The thing is, a problem in the spinal cord is quite likely to cause weakness below the site of the problem, whether it’s purely mechanical, or due to a disease process like MS. So you can’t really deduce much from the symptoms alone - a spinal cord problem is still a spinal cord problem, however it got there.

Neither MS nor one or more slipped discs pressing on the spinal cord attack joints or muscles directly. But if some muscular control is lost, due to impaired nerve transmission, then yes, the muscles themselves can become weak (and/or, paradoxically, too tight - spasticity) and this abnormal muscle-tone can in turn place more strain on joints and tendons. So yes, I do get joint pain, even though MS is not a disease of the joints. I assume my muscles are just not strong enough to do their job properly, and this is causing other problems, as the joints try to compensate. :frowning:

Tina

So Im guessing your inital MS symptom was neck pain?? & leg pain? . Thanks for the info regarding joint and muscle pain and problems. The reason why I asked that question was because in the last two years alone I have had bursitus (sp) in my left hip and got a steroid injection. It worked wonders.I’ve also had inflammtion and irritatin of my AC joint and rotator cuff of my right shoulder…and now this possible slipped disc. So having those had me thinking does MS weaken joints and muscles. Im only 25 so having these wear and tear injuries already is quite daunting. Curiosity kills the cat as they say lol. I hope you are keeping Ok.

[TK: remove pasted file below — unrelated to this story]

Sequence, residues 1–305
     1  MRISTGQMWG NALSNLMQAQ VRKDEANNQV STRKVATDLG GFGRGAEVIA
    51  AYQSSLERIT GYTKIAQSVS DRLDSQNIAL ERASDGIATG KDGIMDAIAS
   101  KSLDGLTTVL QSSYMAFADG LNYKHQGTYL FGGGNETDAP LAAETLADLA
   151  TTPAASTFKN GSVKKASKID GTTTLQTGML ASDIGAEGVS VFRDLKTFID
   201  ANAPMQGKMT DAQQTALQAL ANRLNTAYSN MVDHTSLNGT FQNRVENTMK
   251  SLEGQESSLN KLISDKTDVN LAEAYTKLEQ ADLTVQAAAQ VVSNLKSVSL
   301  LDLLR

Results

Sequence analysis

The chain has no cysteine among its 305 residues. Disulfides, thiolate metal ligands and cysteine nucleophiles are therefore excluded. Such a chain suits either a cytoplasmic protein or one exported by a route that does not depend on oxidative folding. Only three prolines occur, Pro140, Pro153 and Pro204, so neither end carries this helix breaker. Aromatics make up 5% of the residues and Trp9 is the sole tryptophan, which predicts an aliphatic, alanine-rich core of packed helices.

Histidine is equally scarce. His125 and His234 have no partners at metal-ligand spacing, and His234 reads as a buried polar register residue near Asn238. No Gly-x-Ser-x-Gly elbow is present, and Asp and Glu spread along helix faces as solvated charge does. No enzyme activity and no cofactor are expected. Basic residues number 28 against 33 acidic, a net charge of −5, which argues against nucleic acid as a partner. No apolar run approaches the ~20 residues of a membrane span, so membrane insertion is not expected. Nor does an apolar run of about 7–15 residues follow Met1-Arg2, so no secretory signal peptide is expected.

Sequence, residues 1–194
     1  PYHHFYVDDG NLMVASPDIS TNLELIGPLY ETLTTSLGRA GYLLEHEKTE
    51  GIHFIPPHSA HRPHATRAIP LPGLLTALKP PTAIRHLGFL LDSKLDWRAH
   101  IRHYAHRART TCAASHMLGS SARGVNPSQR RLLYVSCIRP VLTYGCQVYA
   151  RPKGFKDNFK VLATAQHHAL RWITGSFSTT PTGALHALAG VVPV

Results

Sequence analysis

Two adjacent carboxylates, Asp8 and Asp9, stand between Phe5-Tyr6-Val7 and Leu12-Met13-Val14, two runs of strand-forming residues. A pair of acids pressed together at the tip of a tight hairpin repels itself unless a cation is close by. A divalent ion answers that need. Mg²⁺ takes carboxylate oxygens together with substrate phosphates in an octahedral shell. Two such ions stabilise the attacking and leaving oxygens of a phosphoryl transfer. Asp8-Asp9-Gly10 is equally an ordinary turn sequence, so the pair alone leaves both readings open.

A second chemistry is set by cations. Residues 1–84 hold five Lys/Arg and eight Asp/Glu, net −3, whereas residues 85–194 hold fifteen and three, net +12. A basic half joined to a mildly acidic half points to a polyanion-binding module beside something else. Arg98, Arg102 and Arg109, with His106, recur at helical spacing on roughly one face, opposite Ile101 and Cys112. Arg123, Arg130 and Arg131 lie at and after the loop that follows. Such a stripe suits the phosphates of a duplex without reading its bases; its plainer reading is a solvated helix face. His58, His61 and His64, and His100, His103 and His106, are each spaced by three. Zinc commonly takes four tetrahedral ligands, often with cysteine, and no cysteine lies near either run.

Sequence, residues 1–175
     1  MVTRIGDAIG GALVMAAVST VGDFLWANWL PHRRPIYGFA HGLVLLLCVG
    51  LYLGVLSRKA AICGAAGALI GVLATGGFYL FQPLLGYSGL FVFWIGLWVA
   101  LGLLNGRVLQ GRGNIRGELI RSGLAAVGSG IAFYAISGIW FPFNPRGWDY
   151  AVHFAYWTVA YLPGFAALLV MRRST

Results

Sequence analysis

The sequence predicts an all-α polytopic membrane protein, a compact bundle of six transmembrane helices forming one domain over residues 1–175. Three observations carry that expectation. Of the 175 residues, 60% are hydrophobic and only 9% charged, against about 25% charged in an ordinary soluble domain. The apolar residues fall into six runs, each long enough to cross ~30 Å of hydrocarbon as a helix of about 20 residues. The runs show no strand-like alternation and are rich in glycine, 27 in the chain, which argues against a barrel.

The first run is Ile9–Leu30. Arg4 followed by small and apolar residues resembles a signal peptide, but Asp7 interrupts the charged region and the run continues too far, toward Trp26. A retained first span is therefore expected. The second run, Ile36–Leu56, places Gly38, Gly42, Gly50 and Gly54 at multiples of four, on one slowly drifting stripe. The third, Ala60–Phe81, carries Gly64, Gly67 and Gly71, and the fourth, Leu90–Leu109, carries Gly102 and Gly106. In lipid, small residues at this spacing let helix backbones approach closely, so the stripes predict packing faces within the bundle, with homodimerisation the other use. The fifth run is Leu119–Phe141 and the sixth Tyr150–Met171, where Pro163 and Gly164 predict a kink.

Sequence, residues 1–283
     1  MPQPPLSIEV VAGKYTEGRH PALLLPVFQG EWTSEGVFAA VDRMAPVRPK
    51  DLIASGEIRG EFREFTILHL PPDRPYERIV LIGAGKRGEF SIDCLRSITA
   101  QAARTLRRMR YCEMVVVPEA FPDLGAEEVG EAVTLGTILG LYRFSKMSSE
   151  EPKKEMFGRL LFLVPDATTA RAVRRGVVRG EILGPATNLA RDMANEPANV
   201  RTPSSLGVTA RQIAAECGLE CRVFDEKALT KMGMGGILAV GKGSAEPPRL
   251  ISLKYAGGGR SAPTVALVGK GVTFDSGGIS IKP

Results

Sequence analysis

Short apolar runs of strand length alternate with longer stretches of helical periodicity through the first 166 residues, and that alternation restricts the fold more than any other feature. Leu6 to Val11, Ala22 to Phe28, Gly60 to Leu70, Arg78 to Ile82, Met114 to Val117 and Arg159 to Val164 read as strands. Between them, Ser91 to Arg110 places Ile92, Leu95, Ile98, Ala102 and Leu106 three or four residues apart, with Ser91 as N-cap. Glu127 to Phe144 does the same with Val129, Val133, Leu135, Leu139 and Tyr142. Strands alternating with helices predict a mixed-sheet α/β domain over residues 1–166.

Hi,

No, I’ve never had neck pain whatsoever. I wouldn’t even say pain was a major feature of my early symptoms. I definitely did get more tired and pop more painkillers than most people my age, but the symptoms were subtle, not dramatic. I’d had painful legs and feet for years (depressing but not excruciating), and got a few “pulled muscles” which were out of keeping with the amount of physical exercise I was engaged in - I’ve never been a sporty person, and had a desk job, yet somehow managed to pull a hamstring AND an achilles tendon. At the time just ranked as “bad luck”, and not that there was anything making me particularly injury prone.

I don’t, or didn’t, have any lesions in my neck (might do by now, but post-diagnosis, you are not routinely scanned to see how many more there are).